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 Silent Days (Part 1)

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Posts : 41
Join date : 2009-04-08
Age : 26

PostSubject: Silent Days (Part 1)   Sun Apr 26, 2009 12:03 am

Excuse me, Hacker.

He walked almost silently through the open, cold caverns and dimly lit. A breeze from deeper within seemed to blow through and past him. He lifted his cap and lazily scratched his head, then replaced the cap. While his hair was dark, it was obvious it was quite dirty of having lived in these caverns for several years now. He held his rifle tightly, looking around the caves carefully, as it was possible at any time that they might come.

This patrolling was part of his everyday routine, with the exception of one day everyone had off, which varied from soldier-to-soldier. He would walk from the entrance of the caves, through different tunnels each week (as he alternated patrols through the tunnels with other guards) and through the many lines of tents and ramshackle wooden buildings. At each tent or building, he had to knock or call out (depending on whether it was a tent or a building) and make sure the people inside were at least fed and had immediate access to necessary supplies. If they didn’t, he would make sure food or supplies were brought to them. Sometimes he did it himself, but when there were many deliveries to make, he’d have to ask some of his soldiers to help him.

He soon made a stop at one of the tents in the tunnel he was patrolling that day. He called out and was let in.
“Do you need anything?” he asked.
The boy and his mother inside stared emptily at him and his scar that ran from his left ear to his chin. This was not surprising as even though it was fifteen years old, it still looked like a fresh cut. As he looked at the family himself, his eyes almost began to water, as they reminded him of the son and wife he had lost more than a decade ago.
“Yes,” said the mother. “Could you bring us some food? My son and I have been for days without any.”

He studied them again. With this, he realized just how thin the mother and her son were. Not only did they remind him of lost family, but here they were, bony, thin, and weak in voice. He wanted to yell out in anger as the people who had been patrolling through this tunnel the past few days had the audacity to leave this family here without food for days. Someone was going to pay.
“I will,” he replied, holding back his anger. “Just give me a few minutes to get to the closest storehouse.”
“Thank you.”

He walked down the tunnel and looked around again. It seemed as if the tunnels themselves were angry, as the lamps seemed to make violent, rigid shadows against the structures and stalagmite. Water ran down slowly and painfully along the walls of the cave and disappeared into hidden crevices in the ground and edges. It wasn’t long before he arrived at the closest storehouse about a half-kilometer or so down the tunnel and scanned his access card at the door then walked in.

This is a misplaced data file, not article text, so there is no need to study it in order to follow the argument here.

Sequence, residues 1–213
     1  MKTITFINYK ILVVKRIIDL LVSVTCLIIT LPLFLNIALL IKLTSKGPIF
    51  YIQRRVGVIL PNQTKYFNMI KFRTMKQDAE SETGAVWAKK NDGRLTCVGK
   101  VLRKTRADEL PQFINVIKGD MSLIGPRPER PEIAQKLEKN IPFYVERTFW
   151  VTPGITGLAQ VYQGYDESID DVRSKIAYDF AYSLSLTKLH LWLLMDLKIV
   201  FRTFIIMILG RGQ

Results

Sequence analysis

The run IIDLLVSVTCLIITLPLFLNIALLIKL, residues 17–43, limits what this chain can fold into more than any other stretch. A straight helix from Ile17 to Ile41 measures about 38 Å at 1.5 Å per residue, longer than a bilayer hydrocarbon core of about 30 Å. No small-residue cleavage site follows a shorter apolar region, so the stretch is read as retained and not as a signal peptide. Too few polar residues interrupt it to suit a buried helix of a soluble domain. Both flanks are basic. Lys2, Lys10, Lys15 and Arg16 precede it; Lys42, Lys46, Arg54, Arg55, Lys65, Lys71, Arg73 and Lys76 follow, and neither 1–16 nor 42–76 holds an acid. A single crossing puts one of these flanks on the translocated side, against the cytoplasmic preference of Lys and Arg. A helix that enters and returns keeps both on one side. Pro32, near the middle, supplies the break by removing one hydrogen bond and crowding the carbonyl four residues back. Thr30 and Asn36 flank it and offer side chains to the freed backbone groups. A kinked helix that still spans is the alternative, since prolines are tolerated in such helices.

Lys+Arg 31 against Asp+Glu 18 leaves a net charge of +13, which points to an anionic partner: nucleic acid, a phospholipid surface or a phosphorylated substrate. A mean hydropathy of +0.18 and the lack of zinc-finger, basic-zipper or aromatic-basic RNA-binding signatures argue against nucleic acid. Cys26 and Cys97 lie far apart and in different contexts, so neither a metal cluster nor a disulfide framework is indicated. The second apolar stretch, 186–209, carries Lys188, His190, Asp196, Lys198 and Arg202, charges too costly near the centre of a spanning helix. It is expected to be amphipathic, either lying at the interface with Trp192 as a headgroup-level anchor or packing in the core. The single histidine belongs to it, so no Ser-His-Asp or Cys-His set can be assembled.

The storehouses were locked to the public for various reasons, as it was possible anyone who had not taken the security oath could be a spy for the alien enemy. Many people he used to serve with ten, twenty years ago had turned over their loyalty from the International Organization of United Nations or IOUN, and became part of the foreign invader’s armies. The same could happen with just anyone who lived here, so access to the storehouse was restricted for this reason. Plus, it was possible in a situation like this, human instinct would take over, and people would get greedy.

Inside the storehouse, he bypassed a few lower-class soldiers who saluted him almost absent-mindedly. Everyone was half unaware of what was going on anyways, as many wished what was happening never happened to begin with. He entered the food storeroom and brought out a small box with a week’s worth of food supplies, hanging his rifle on his back. He was soon stopped by another lower-ranking soldier.
“Sir?” asked the other soldier, saluting.
“Have you seen Patricia recently?”
“No. Why?”
“She’s gone missing.”

The higher-ranked soldier almost dropped his box. To avoid such an instance, he placed it on the floor beside him. “Are you sure?” His voice was relatively loud.
“Very sure, sir. No one is in her office right now other than a few soldiers who have secured the area. The entire remaining council is in shock.”
“Dammit!” yelled the higher-ranked soldier. He picked up his box and turned back to the other soldier.
“Ask everyone if they have seen any trace of her recently, Captain,” he ordered, holding the box under his left arm. “If anyone has seen her, tell me immediately.”
“Yes, sir.”
“Wait, do you know who had been patrolling this tunnel for the past week, Captain?”
“It was Robert Baere. Why sir?”
“Nothing. I was just wondering.”

They saluted each other and the high-ranking soldier left. He brought the box back to the tent with the hungry mother and son. They thanked him graciously and he waved farewell to them. Now that that was done with, there would be hell for Baere to pay. Depriving a family of food was something that he would not let one of his soldiers get away with.
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Silent Days (Part 1)
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